Voice/Vision Holocaust Survivor Oral History Archive

Manya Auster Feldman - August 11, 1998

Work in Ghetto

Did you also--you worked?

Yeah, we worked. My sister, my brother and I worked. My father wasn't because he was uh, handicapped.

Where did you work?

Um, in different places. We had a river uh, flowing down the, the city, so they, they were uh, building barges, they were building barges to transport uh, all kind of merchandise. Then when the Russians left, they destroyed all the bridges so they started building bridges and they took the Jew...the Jewish uh, people provided the work for them so we went--we used--they, they took out in a group. We all had yellow Stars of David in front, a yellow Star of David in back. And they took us out from the ghetto. And we could not walk--by the way, we didn't have any cars in our little shtetl, you know. So in the middle of the street there were the horse and buggies going, the horses, the animals. We couldn't walk on the sidewalks. This is for people and we were not people. So they chased us to work outside of town, what, about nine kilometers, sometimes four kilometers. In the summer they had--we had to work the fields.

So you walked with the horses?

Walked with the horses, yes. And, and when we came to work--it was an eight-hour work, eight hours, they gave us some waterey soup and a tiny piece of bread. That was the diet, that was all.

That was it?


Did people who worked, worked um, get different rations than people who didn't work?

No. I--when we came to work, they gave us--at home in the ghetto, they gave us--to each, each inhabitant of the ghetto got 200 grams of bread. 200 grams is like a half a pound.


Now, you see a half a pound of--is a loaf, but the piece--a half of pound is this big, because it was...

A half a pound for what?


For how long?

For a day.

For a day?


So you--people were starving?

Starving, literally. In the streets you saw...

Was there disease too?


Was there disease too?

Oh, yes, dy...dysentery and typhoid, because the sanitary conditions were horrible.

What happened to the sanitation at that point? You said they formed a ghetto?



They, they roped off they um, uh, two streets. They put--at the entrance of the street they put a gate so you couldn't--you couldn't go out or go in there the gate was--they, they were guarded. Now, the, the homes of the street that--whose windows came out on the other street which was no ghetto, they had to board them up with uh, boards so they couldn't look out in the street where the real people lived, not the animals.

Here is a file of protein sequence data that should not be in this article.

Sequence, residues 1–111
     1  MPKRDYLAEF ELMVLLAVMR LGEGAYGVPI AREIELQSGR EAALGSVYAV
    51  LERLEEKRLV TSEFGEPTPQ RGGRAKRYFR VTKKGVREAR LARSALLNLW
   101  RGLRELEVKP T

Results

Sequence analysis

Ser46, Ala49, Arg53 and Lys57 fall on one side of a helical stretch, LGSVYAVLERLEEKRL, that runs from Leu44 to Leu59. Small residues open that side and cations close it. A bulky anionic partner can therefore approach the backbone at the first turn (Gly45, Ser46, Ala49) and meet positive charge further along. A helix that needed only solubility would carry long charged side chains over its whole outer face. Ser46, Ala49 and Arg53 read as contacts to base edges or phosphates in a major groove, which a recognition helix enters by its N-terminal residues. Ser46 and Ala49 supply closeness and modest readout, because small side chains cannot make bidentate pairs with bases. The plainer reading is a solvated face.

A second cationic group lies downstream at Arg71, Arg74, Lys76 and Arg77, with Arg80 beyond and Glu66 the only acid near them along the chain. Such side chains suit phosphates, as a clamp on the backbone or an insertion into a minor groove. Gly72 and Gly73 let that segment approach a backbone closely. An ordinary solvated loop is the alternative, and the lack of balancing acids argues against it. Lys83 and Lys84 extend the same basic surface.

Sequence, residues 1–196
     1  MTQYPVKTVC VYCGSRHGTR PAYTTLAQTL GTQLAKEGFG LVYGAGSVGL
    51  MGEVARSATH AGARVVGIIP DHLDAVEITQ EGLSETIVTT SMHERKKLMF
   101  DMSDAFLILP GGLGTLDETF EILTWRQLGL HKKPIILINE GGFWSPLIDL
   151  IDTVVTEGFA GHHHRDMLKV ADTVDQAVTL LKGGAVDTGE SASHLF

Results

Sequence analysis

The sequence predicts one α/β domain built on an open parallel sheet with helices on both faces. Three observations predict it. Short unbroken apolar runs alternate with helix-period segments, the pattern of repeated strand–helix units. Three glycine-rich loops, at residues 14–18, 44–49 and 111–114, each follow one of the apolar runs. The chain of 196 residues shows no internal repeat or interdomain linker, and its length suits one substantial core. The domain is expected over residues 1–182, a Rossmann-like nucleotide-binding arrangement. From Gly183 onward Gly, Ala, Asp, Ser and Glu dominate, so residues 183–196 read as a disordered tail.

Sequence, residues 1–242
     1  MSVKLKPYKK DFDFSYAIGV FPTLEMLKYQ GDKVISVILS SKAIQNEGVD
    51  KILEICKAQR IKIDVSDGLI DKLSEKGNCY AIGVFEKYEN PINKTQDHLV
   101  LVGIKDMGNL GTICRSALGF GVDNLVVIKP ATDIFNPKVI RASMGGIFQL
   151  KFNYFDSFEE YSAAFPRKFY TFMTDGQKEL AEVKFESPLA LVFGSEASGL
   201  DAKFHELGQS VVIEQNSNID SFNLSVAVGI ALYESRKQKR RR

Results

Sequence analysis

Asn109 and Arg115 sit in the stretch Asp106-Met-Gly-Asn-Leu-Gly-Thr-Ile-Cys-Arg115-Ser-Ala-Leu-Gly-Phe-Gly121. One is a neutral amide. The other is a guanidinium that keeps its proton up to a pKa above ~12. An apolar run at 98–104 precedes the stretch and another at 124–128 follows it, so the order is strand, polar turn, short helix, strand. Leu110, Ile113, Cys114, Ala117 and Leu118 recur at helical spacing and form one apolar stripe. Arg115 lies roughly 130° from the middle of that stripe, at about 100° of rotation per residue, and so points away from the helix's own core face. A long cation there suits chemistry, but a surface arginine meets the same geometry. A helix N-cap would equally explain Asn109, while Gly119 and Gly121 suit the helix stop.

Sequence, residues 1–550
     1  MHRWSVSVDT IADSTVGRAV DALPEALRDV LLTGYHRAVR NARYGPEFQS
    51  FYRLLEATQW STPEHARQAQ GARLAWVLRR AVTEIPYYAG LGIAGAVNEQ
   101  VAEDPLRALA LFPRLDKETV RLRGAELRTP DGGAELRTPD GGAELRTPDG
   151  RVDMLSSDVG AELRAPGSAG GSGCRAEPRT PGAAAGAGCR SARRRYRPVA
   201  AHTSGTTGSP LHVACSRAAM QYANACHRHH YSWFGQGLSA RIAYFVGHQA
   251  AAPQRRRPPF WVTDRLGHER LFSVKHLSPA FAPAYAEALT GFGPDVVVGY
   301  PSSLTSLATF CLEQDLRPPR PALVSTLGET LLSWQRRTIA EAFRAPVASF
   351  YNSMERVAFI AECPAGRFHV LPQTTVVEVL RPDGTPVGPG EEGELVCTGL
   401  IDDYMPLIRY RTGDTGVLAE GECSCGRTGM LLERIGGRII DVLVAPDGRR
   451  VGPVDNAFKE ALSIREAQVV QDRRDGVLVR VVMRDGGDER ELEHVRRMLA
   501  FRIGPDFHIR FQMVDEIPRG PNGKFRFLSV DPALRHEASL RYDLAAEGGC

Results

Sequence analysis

So the, the ghetto was cordoned off?

Cordoned off, yeah, sort of.

There was no wall...

No wall, no. Just at the entrance of the street was a gate.

How did the, how did the Jews in the ghetto feel about that? Did they feel that the ghetto was a good thing, a bad thing? Did anybody say, "At least they'll leave us alone," something like that?

It was a day, day-to-day living. I mean, we just prayed to live one more day. It was very--I mean, the--that was the problem. They--it dem...it was demoralizing. We were not considered as humans. However, in the ghetto, there were schools. There were--the synagogues were funct...functioning. The--we celebrated the holidays. Jewish life went on no matter what circumstances.

Did you--Jews feel more...

Hungry, hungry.

Hungry, just hungry.

Hungry and afraid of death.

And did you see anybody shot?

No. Not in our ghetto. You know, a lot of times I um, I spoke in, in front of groups of people. And even uh, our own uh, friends, those who did not go through it, they said, "Why didn't you escape?" That's a very good question, which is very hard to answer. You know why? Because we were surrounded. It wasn't only the German occupation. We were surrounded by enemies. All the gentile popula...oh, I wouldn't say a hundred percent. But I would say about seventy, eighty percent of them were, were in tune with the Germans and just kill the Jews. We don't want no part of them anymore. And they helped them. And they helped Germany. They sure did. The, the Poles, the Ukrainians and the Poles. The White Russians too.

Last time we talked you told me that there were people who were--who identified Jews, who turned them over...

Oh, yes. I'll tell you. The dress code uh, dress code of the Jews was entirely different than the gentiles. They had a different dress code, especially the farmers. So no matter where you went, they recognized a Jew right away. And this is one thing: During the liquidation of the ghetto, they were promised uh, uh, for each Jew they'll get a kilogram of soap or a kilogram of sugar. So they caught them left and right. They helped the Germans, absolutely.

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